That this country has a significant problem with anti-Asian racism is a well-established fact, and the fact that many people don’t fully understand the scope of this problem is rather significant. Even more so is the fact that there’s a very special subset of anti-Asian racism that really needs to be dealt with as its own entity as well as part of the larger picture: anti-Asian-American racism. In addition to being filled with entirely too many hyphens, it’s also a kind of racism aimed particularly at Asian-Americans, rather than the Asian community in general, and it reveals telling attitudes about the Asian-American community.
Comedian Eliot Chang made a great video earlier this year tackling things Asians hate. It consists of a great series of comments people make on the regular to Asians and Asian-Americans, submitted without commentary, other than the title card, which reads: ‘please stop saying these things to Asians.’
Some of his more choice quotes: ‘You speak really good English!’ ‘When did you come to America?’ ‘Where are you from? No, I mean, where are you really from?’ ‘What kind of Asian are you?’ ‘Are you [Chinese/Japanese/Korean]?’ ‘Why can’t I call you an Oriental?’ ‘It’s okay for me to call you a chink because we’re friends!’ ‘Were your parents in the war? Which side?’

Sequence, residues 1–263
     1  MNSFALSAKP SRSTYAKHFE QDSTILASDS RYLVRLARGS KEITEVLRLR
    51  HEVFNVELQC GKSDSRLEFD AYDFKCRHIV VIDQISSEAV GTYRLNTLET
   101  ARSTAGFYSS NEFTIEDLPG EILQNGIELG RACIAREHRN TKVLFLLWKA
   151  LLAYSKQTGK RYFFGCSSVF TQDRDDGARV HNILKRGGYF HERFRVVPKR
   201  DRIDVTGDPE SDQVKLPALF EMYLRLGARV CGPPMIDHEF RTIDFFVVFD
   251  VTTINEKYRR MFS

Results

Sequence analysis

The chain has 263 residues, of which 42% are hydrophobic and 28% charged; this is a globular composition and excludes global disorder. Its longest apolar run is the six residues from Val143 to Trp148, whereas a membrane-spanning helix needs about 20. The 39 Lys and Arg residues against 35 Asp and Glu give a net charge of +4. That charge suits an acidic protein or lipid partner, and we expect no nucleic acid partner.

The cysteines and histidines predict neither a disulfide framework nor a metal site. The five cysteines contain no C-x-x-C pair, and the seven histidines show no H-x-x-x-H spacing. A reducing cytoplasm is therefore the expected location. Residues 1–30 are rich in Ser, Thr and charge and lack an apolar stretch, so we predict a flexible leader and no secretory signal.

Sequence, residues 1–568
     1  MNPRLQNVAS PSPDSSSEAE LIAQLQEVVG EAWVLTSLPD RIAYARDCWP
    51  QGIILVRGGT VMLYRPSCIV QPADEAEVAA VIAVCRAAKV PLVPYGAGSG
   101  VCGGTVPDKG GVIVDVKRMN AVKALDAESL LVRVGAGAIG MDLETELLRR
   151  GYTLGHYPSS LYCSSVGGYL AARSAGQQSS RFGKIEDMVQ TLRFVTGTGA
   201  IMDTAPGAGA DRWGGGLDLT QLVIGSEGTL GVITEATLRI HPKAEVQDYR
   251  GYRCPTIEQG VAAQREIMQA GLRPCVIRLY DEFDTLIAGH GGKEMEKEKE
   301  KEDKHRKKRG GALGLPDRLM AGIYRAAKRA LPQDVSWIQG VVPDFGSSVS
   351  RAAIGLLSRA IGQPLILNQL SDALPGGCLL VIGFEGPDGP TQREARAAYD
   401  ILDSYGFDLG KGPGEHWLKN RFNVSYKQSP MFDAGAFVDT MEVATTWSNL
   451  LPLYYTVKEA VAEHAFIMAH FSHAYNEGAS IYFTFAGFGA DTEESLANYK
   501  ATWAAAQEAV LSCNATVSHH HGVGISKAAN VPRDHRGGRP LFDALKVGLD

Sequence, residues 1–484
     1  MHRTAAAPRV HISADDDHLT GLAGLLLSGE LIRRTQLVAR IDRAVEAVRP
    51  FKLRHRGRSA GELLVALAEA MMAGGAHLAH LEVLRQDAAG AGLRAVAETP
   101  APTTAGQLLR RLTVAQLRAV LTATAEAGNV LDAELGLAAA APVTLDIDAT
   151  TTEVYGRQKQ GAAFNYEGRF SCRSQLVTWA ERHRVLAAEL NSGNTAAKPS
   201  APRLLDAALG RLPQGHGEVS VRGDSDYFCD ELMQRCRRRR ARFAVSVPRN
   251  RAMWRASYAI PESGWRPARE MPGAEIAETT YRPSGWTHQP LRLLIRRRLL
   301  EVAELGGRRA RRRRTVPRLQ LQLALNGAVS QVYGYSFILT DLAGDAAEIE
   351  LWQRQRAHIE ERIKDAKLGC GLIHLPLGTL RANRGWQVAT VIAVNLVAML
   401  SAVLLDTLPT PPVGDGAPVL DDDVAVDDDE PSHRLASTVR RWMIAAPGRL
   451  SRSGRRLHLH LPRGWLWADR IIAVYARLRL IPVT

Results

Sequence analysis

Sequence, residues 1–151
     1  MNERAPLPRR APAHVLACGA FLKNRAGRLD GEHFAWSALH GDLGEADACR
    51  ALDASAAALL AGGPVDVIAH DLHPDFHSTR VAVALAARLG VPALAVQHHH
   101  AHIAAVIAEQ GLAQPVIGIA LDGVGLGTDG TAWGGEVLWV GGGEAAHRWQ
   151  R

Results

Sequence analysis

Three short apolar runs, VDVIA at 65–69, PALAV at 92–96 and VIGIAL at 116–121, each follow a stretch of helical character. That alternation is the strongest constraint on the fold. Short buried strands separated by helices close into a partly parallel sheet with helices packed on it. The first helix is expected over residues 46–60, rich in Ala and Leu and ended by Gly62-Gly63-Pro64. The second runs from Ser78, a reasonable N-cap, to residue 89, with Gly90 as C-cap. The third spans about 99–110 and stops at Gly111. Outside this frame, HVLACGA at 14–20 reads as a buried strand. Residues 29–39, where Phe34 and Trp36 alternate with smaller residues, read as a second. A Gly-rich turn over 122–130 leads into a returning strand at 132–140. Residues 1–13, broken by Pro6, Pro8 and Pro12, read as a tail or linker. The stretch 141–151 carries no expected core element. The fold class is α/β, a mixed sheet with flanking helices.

Obviously all of these things (and more) are hurtful and not okay to say to any Asian, and are said to Asians in general as well as members of the Asian-American community. But there’s a particular sting to anti-Asian-American racism that is worth examining, and understanding, more closely, because there is very much an attitude in the white United States that members of the Asian community are other, and always will be, that ‘they’ come from elsewhere and can presumably be forced to ‘go home,’ despite the fact that some Asian-American families have actually been here way longer than white ones.